Court rejects statement in trial of soldier found with pistol

Thursday, May 04, 2017

Magistrate Janneh-Njie of the Banjul Magistrates’ Court yesterday rejected the cautionary and voluntary statements in the case involving Babucarr Njie, a soldier found with a gun at the King Fahd Mosque.

This followed the submission made by the defence counsel, Sheriff Kumba Jobe, that the cautionary and voluntary statements sought to be tendered by the prosecution were not obtained voluntarily.

In her ruling, Magistrate Janneh-Njie told the court the law governing the admissibility of confessional statements obtained from accused persons while under detention is section 31 (2) of the Evidence Act which provides that a confession shall not be admissible if the statement was made by an accused person while under arrest, in detention or restricted by state agents unless the confession was made in writing by the accused or someone on his behalf and signed or thumb-printed by the accused in the presence of an independent witness. Such witness cannot be a member of the police, army or security forces.

She said the only issue that stood out for determination was whether the statements were recorded in the presence of an independent witness in strict compliance with the provision of section 31 (2) of the Evidence Act.

At this juncture, she summarized the evidence of the first prosecution witness in a voire dire (trial within trial).

The witness, Fabakary Kinteh, serving as an independent witness, said the accused was not forced when his statements were recorded.

She stated that according to the accused, he was put in cuffs and was tied on the table.

She further quoted the accused saying the second prosecution witness, Jally Senghore, asked him to give a statement or something might happen to him, and that the statement was recorded at 22:41 hours. At the time of recording, Jally Senghore and one Manneh were present.

Magistrate Janneh-Njie stated that it was the accused who said the statements were recorded on Monday the 13 February 2017, and that was the time the independent witness was present.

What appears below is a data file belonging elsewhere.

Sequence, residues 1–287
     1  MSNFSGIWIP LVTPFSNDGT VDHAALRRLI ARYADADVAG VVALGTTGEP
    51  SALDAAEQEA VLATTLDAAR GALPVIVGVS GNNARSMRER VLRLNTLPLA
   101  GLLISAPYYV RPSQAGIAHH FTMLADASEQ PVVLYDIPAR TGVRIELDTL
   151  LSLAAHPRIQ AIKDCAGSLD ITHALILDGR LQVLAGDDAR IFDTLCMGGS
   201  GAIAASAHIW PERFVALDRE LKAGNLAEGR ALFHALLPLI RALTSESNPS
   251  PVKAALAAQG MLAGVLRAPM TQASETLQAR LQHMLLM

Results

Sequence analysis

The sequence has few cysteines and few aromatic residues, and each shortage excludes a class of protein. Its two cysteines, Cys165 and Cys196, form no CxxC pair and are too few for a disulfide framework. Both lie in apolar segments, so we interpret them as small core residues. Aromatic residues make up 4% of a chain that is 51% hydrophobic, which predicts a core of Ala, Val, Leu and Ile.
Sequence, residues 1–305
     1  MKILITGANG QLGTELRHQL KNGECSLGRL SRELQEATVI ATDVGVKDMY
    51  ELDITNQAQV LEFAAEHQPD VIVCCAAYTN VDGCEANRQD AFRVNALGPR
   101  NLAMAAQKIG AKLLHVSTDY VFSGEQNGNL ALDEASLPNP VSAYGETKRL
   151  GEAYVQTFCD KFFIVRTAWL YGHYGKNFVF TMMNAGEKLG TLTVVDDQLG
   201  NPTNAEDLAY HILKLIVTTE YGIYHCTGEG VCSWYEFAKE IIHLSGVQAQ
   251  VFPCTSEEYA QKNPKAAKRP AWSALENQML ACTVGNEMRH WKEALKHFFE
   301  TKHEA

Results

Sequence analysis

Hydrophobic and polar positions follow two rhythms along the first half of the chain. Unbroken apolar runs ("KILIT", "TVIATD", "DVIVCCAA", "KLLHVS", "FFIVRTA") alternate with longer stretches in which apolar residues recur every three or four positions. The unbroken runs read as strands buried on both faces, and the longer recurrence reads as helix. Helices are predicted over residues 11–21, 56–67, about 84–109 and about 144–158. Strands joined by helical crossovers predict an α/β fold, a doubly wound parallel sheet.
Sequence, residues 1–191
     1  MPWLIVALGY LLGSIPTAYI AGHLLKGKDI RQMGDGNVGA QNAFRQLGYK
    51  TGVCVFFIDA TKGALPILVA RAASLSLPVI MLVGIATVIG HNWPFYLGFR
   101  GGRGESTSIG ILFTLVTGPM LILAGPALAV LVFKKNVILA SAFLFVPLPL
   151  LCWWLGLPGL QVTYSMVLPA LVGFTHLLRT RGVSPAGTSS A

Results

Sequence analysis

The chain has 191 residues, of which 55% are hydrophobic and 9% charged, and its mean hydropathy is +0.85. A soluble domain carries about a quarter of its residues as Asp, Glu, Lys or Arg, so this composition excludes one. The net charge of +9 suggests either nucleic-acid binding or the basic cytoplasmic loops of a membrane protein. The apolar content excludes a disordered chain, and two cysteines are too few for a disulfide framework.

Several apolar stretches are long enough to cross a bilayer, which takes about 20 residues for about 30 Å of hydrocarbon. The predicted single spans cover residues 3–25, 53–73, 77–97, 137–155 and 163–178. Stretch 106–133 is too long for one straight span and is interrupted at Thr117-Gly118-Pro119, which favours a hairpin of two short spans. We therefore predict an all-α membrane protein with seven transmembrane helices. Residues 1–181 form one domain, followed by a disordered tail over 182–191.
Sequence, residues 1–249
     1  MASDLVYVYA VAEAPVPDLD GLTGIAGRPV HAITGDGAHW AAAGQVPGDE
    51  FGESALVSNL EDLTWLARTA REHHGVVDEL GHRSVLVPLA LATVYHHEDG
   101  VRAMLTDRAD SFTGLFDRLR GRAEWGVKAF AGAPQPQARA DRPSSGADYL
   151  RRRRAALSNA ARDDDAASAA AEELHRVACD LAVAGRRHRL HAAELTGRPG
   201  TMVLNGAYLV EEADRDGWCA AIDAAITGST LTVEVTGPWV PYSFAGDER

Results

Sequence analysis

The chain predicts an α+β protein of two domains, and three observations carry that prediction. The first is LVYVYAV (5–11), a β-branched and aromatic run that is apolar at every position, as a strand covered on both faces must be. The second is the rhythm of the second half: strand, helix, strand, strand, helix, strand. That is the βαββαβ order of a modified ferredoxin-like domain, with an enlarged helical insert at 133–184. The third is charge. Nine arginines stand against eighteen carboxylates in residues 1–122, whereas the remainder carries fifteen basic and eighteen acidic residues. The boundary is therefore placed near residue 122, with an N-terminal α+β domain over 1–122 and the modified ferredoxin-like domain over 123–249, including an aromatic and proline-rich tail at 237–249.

She pointed out that on the face of the voluntary statement, it was indicated that the statement was recorded at 22:42 hours, and this corroborated the evidence of the accused as to the time the statements were recorded.

On the contrary, she posited, when the independent witness was asked under cross-examination, as to the time the statements were obtained, he said he could not remember exactly but it was after 1pm.

She adduced further that Jally Senghore also admitted during cross-examination that the statements were not obtained during the night but during the day.

She said that both Fabakary Kinteh and Jally Senghore alleged that the statements were recorded during the day and the accused was saying that it was recorded during the night which corroborated what was on the document itself.

She further told the court that considering the fact that the document indicated that the statements were recorded at 22:42 hours, she could not believe the evidence of both Fabakary Kinteh and Jally Senghore that the statements were recorded during the day.

She therefore concluded that the statements were recorded at 22:42 hours.

Magistrate Janneh-Njie stated that considering the discrepancy as to the time the statements at issue were obtained, the court was in doubt as to whether the said independent witness was present at the time the statements were recorded at 22:42 hours.

She adduced that in the light of the above, that the prosecution had failed to prove that the statements sought to be tendered were obtained in strict compliance with section 31(2) of the Evidence Act.

She consequently rejected the statements.

The case was adjourned until 8 May 2017.

Sgt Jaiteh held the brief for Sub-Inspector Bojang.

Author: Dawda Faye